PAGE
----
I’ve just received an email from someone looking at buying a 2001 996 with just 26,000 miles on the clock. Sounds attractive, doesn’t it?
The only problem is the last service was done in 2004 at 17,000 miles. OK, that’s only 9000 miles ago and the service interval is 12,000 miles. Now, Porsche says that if the prescribed mileage isn’t reached, then the car should be serviced every two years, which this hasn’t.
However, I think two years is a long time for a high-performance car to go without a service, so I like to see a minor service done every year – and many caring owners will do this.
Just to rub salt into the wound, the seller of this car has just had it ‘serviced’ by a friend – oil, filters and plugs, apparently. While this is better than nothing, it’s not the full range of checks that Porsche recommends for a service.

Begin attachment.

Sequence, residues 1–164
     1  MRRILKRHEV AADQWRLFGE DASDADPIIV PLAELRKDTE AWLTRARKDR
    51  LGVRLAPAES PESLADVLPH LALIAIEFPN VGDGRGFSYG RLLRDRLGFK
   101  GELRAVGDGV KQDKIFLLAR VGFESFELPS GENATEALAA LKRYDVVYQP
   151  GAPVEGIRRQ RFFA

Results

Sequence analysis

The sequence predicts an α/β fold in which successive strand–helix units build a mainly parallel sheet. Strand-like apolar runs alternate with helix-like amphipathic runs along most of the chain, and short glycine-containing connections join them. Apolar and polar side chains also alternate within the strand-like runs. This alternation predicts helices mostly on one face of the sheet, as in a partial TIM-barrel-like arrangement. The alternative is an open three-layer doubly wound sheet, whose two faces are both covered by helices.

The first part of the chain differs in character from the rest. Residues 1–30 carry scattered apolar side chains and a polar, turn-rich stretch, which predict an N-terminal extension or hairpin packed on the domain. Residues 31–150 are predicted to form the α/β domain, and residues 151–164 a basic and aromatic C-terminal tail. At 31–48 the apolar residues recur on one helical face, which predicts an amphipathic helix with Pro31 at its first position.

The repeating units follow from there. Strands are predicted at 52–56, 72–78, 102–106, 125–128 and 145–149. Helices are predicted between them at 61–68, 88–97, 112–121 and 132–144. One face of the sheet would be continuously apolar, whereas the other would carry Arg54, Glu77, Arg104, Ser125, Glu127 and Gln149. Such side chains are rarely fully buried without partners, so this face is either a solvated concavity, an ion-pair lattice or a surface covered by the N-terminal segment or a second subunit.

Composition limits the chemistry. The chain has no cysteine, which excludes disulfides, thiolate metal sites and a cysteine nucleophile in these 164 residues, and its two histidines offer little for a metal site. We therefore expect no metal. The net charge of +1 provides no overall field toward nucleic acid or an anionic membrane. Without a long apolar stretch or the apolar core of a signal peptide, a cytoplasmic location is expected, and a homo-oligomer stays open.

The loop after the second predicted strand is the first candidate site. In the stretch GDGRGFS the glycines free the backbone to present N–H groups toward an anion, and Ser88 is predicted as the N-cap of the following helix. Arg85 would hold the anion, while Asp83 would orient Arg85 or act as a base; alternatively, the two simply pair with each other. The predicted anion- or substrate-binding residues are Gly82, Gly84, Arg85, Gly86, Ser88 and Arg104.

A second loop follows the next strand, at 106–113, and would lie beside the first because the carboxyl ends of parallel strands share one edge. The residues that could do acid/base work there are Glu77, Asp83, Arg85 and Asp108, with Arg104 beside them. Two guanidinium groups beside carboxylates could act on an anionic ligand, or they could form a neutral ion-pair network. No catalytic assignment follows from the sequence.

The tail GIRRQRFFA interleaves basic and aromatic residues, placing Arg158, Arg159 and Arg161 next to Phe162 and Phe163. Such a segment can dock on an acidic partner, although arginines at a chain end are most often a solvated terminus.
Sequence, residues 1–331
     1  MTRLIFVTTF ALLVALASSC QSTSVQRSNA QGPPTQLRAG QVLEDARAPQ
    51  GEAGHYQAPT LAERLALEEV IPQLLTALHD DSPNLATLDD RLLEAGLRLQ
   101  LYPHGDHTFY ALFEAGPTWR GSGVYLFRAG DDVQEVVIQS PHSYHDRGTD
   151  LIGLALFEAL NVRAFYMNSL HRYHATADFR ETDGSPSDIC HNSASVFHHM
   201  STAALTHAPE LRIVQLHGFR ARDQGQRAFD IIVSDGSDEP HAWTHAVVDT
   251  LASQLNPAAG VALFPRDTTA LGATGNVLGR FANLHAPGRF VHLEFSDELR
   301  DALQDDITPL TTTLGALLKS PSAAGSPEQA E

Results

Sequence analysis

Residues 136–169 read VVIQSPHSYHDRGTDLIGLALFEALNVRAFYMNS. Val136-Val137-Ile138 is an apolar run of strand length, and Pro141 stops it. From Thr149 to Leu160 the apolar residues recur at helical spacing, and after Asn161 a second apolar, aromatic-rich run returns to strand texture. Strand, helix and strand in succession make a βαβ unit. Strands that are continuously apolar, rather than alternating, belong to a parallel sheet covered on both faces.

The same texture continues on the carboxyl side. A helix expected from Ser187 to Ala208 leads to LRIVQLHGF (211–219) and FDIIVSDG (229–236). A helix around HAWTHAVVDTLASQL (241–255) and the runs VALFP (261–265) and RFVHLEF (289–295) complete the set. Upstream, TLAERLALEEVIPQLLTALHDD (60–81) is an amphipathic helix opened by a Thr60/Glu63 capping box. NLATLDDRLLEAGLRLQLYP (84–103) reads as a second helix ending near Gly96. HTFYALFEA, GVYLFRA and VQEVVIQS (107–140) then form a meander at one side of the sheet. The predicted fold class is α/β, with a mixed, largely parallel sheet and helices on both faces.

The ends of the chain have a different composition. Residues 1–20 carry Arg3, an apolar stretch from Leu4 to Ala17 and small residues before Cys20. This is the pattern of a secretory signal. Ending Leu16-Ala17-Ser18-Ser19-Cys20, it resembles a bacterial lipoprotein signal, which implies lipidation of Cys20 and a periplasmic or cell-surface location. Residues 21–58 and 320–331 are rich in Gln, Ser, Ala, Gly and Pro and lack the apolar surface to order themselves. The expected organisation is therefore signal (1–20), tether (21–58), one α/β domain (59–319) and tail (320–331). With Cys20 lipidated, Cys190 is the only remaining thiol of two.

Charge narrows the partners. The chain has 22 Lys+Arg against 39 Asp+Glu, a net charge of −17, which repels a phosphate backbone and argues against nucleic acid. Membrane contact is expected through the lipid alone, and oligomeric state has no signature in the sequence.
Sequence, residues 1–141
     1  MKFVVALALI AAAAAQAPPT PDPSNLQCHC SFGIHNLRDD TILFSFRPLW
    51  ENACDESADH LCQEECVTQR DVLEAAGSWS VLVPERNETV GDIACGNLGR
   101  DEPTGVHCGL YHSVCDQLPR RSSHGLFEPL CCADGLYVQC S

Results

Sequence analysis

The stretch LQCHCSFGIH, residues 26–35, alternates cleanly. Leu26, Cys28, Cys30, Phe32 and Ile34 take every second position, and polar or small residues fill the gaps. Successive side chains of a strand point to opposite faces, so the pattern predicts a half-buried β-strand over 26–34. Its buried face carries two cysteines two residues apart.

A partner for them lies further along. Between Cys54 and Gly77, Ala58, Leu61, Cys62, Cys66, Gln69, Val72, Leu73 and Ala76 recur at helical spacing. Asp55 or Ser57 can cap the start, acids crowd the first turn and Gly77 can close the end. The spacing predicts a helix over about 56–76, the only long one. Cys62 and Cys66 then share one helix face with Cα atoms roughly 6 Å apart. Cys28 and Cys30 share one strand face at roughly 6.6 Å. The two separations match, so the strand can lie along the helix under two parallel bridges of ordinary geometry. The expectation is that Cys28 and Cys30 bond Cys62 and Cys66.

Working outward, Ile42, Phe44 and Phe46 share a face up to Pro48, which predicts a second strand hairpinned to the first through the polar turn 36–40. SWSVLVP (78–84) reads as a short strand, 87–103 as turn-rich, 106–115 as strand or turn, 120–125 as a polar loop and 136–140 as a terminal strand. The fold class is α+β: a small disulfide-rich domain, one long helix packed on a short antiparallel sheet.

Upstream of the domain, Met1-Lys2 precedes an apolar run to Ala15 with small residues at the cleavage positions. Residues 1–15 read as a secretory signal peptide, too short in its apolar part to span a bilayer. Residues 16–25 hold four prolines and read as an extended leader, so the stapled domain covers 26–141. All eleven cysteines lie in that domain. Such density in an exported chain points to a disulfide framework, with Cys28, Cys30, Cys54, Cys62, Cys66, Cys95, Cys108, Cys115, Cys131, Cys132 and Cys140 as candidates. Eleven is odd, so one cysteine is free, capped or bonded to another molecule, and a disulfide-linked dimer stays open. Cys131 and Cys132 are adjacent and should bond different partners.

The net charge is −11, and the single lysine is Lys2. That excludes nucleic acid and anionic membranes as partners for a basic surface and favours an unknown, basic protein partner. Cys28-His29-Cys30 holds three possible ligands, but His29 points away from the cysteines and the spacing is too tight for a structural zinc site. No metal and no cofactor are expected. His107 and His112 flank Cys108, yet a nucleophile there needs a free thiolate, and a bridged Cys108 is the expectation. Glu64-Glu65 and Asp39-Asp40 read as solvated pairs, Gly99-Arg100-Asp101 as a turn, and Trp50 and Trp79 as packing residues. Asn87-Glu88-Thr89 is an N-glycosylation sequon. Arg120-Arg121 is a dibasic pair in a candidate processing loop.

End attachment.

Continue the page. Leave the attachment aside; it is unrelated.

More crucially, though, all this reflects badly on the car’s history. Porsche buyers want to see a complete service history – and for good reason, too. Not only does it mean the car has been looked after properly, it also shows that the owner has cared for the car.
It makes me wonder what else this seller has skimped on. Tyres, oil top-ups, brakes?
Copyright © 2018, Philip Raby Limited.